Too often we analyze survival scenarios from a gear centric point of view. What do I mean? We must see past post-apocalyptic zombie horde in our survival thinking. More mundane items such as adaptability, light weight, and what best serves our needs in acquiring the next serving of camp meat should not be ignored. Let’s explore a counter-intuitive approach that stresses flexibility versus the latest, greatest, cutting-edge platform.
Rossi Survival Rifle & Brawler Pistol
Interestingly, when the US Air Force approached the topic back in the 1950s, related to aircrews shot down in enemy territory, it settled on the M6 Aircrew Survival Weapon shotgun/rifle combo. The Air Force found that a shotgun, paired with a .22-caliber rifle, was more effective than a typical military-style rifle for personnel facing a wilderness survival situation.
The shotgun has always been labeled a utilitarian weapon viable for multiple tasks. In fact, if someone asks for advice related to getting a long arm for general purposes, what comes to mind? Many would offer up the ubiquitous shotgun. This is based on the shotgun’s simplicity, flexibility, reliability, price point and lethality.
Rossi firearms offering this simple usefulness is represented by the Brawler Pistol and Survival Rifle, each chambered in 45 Colt/.410. Both Rossis are more akin to a tool rather than a high-tech firearm. Often the simplest idea is the most ingenious. Nothing is as basic as a break-open action where you cock the hammer and pull the trigger to make it go “boom.” The Brawler Pistol and Survival Rifle are Rossi’s anti-hero offerings.
General purpose is a good way to describe survival-type situations we are most likely to encounter. The next meal or protection from four-legged predator are the main focus; not defending from marauding bands of two-legged opportunists. Anything related to survival there are plus/minuses with chosen equipment. Weight is a precious commodity, with every ounce needing analyzed, considering all has to be carried on one’s person. Each of the Rossis are compact in size and weight, allowing to be transported and thus likely more available when needed. The break-open design of the Rossi Brawler and Survival Rifle assists in lowering overall dimensions. The .410 (3-inch)/45 Colt chambering is another essential component of the Rossi equation.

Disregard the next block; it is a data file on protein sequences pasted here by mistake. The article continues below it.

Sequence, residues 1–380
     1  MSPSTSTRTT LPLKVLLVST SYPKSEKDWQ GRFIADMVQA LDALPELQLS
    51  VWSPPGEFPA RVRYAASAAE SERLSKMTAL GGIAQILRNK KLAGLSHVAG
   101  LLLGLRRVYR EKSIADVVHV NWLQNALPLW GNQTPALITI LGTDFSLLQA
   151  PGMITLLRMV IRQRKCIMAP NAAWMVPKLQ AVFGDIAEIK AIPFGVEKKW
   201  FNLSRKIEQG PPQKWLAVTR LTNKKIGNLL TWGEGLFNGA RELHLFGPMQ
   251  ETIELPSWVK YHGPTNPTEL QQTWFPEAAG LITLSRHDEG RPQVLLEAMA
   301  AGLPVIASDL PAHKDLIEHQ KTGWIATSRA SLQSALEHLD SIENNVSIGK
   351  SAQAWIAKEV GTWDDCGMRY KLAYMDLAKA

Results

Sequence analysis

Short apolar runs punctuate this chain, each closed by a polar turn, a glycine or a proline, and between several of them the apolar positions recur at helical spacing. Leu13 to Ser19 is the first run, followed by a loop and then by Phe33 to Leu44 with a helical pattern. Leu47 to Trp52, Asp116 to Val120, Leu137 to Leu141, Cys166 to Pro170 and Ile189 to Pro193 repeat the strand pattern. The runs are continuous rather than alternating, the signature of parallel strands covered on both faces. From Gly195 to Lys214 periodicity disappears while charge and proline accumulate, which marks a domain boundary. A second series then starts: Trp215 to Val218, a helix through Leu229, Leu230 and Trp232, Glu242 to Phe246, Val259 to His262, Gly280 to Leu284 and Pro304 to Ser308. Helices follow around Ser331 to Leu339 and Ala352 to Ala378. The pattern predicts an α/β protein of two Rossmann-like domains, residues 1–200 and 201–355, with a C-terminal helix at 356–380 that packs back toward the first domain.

The .410/45 Colt dual chambering personifies versatility, allowing someone to successfully navigate a myriad of situations involving hiking, camping, vehicle kit gun and SHTF scenarios. The Rossi Brawler’s and Survival Rifle’s ability to utilize .410 shotshells such as buckshot, various pellet sizes, and slugs, combined with the 45 Colt chambering, translates into it having roles as personal defense weapon, trail gun and even recreation. The barrels are rifled, thus stabilizing the 45 Colt bullet. This also contributes to their classification as pistol and rifle versus verboten cut-off shotguns.
Hornady’s Critical Defense .410 load emerged as a result of the popularity of the Taurus Judge and others–surprising the supposed gun gurus with their popularity/commercial success. The Hornady Critical Defense 410 features a unique “Triple Defense” projectile column consisting of two 35-caliber, 65-grain round balls topped with one non-jacketed .41-caliber, 115-grain FTX slug. Muzzle velocity is 750 fps from pistol-length barrels. The FTX slug engages the Brawler and Survival Rifle rifling, stabilizing it for nose on impact, where Hornady’s Flex Tip technology initiates expansion. Don’t forget about the two .35-caliber buckshot balls arriving on target as well. These are made from high-antimony, cold-swaged lead to resist deformation and provide excellent penetration as well.
Seeing the Rossi Brawler and Survival Rifle at the recent Athlon Outdoors Rendezvous, I had to do a double take. Here were two single-shot break-open weapons at one of the industry’s premier media events next to suppressed belt-fed weapons with thermal optics.
I will admit to nostalgia pulling me to the Rossi Brawler pistol. Rossi’s inclusion of Picatinny rail was a nice touch to maximize capability via mounting an optic, along with rubber pistol grip to cushion your hand from recoil. Rossi even has shoulder rig available to make sure the Brawler is kept handy when out and about. The Brawler’s 9-inch barrel and pistol grip reminded me of my late dad’s T/C Contender fitted with a 45 Colt single-shot barrel that he had bored out to also use .410 shotshells. It was in high demand during late summer deer hunts down in South Carolina where poisonous snakes where often encountered. Was not a matter of if, just when you would come across a rattlesnake, copperhead, or cantankerous cottonmouth moccasin.